As a former paratrooper in the 82nd Airborne Division throughout WWII I would like to submit the following letter.
The chief of staff of the army has decreed that every person in the Army will wear a black beret as of June 2001. This means that the official headgear for all persons in the Army will be a black beret.
By tradition, the Black Beret has become the headgear of the Rangers, our foremost combat unit in the Army. The Green Beret is the official headgear of the Special Forces by a decree from President John F. Kennedy in 1961. The decree from the chief of staff will not affect them.
The balances of the Airborne Forces in the Army wear a Maroon Beret. The chief of staff says that these may continue to remain the same.
A beret in the United States Army is the symbol of excellence and the mark of an elite soldier. A soldier with a beret on his head is Airborne and highly motivated and stands ready at a moment's notice to give his life for his country. The reward for his vigilance and his patriotism is the privilege of wearing a beret, either black, green or maroon, depending upon which unit to which he has earned the right to be assigned.
For the chief of staff of the Army to decree that every person in the Army will henceforth wear a black beret is to downgrade the Rangers, our bravest of soldiers, and to demean all of the Airborne, whose most significant attribute is the wearing of a distinctive beret. The beret to the Airborne is more than just a distinctive headgear; it is a badge of courage. When every person in the Army wears one, it will mean little more than a head covering.
A disservice is being perpetrated on our elite combat soldiers and their accomplishments are being ignored.
Ralph W. Yeager
A message to Bush
I am sure, that the thought has been run by you, either written or verbally, that necessity is the mother of invention. Then also, in any business college course work, you have been exposed to, the fact that a market is the mother of industry.
And, of course you learned that money is a media of exchange, and as such, the denominations hold a symbol of value. That value will hold as long as there is a strong economy behind it. If all you have to sell is labor, mental or physical, and you are put out of work in declining economy, then you are no longer part of the market, and the symbols are meaningless.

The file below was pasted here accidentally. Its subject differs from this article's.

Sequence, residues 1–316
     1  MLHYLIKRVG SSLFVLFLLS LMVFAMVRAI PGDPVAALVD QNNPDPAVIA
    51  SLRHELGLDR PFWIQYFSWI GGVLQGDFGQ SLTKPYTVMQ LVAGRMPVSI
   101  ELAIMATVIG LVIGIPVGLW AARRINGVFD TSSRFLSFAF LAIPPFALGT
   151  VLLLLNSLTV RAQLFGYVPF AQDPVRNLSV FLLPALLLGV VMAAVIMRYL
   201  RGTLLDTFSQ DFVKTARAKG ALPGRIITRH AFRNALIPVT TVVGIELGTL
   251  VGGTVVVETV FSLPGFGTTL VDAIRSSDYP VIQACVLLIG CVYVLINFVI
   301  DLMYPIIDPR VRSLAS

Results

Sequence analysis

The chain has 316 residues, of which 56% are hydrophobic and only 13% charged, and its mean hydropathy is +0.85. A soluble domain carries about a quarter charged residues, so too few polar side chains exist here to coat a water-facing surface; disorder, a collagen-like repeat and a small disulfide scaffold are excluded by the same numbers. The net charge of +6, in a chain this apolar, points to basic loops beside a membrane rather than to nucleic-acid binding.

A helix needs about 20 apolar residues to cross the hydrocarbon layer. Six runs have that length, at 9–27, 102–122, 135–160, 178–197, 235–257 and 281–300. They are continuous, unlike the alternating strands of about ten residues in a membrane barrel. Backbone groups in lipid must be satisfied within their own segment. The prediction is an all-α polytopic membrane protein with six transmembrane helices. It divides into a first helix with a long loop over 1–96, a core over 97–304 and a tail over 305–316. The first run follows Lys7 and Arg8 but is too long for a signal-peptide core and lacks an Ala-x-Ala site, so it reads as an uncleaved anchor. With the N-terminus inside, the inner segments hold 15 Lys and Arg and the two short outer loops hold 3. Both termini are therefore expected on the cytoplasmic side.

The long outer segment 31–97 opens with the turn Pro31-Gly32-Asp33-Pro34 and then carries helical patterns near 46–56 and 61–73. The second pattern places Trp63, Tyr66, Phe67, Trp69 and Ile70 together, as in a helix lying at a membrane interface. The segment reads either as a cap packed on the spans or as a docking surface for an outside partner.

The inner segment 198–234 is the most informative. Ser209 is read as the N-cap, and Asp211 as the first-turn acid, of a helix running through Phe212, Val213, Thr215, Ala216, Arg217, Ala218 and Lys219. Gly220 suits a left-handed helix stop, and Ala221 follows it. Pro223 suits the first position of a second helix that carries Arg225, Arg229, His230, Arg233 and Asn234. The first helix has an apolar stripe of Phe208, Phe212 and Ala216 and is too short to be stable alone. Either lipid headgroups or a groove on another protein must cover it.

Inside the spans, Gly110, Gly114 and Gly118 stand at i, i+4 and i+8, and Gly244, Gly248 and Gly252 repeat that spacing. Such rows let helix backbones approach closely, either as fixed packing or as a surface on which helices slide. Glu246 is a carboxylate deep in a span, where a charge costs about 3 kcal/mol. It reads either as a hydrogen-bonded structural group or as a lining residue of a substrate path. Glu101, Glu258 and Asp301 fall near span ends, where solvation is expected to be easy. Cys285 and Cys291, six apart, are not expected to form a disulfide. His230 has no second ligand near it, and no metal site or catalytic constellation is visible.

If you should have a good supply of those symbols as workers are being laid off, you'd be foolish to invest in inventory for which there is no market. So it is that investing in the financial market, becomes a skies the limit gamble, until the players realize their symbols have turned to match sticks.
Now is a time for finding a way to use labor to benefit society, and not to offer more match sticks to burned out gamblers.
Any rational liberal can help you.
Dennis G. Gordon
A life line
Every parent's worst nightmare. Answering the door to a police officer telling you your son or daughter has been found hurt or dead. Monday, this message was delivered to one of our local families. Tuesday, my daughter heard the news at school. She called me at work, not to come to get her but rather, just to hear my voice. My voice. She needed to know, no matter where I was or what I was doing, that she could rely on my time. She can. She did.
Today, I mourn for the loss of that family. I also mourn for the loss of "time" which busy schedules tend to take away from our families each day. I mourn for the lost voice. The one who can't be reached when it desperately needs to be heard. I mourn for our children.
No one can change yesterday. No one can predict tomorrow's outcome. Today, at this moment, is all we have to be sure of. Where is your voice? Can your son or daughter rely on it at any time? It is more than a voice. It is a life line.
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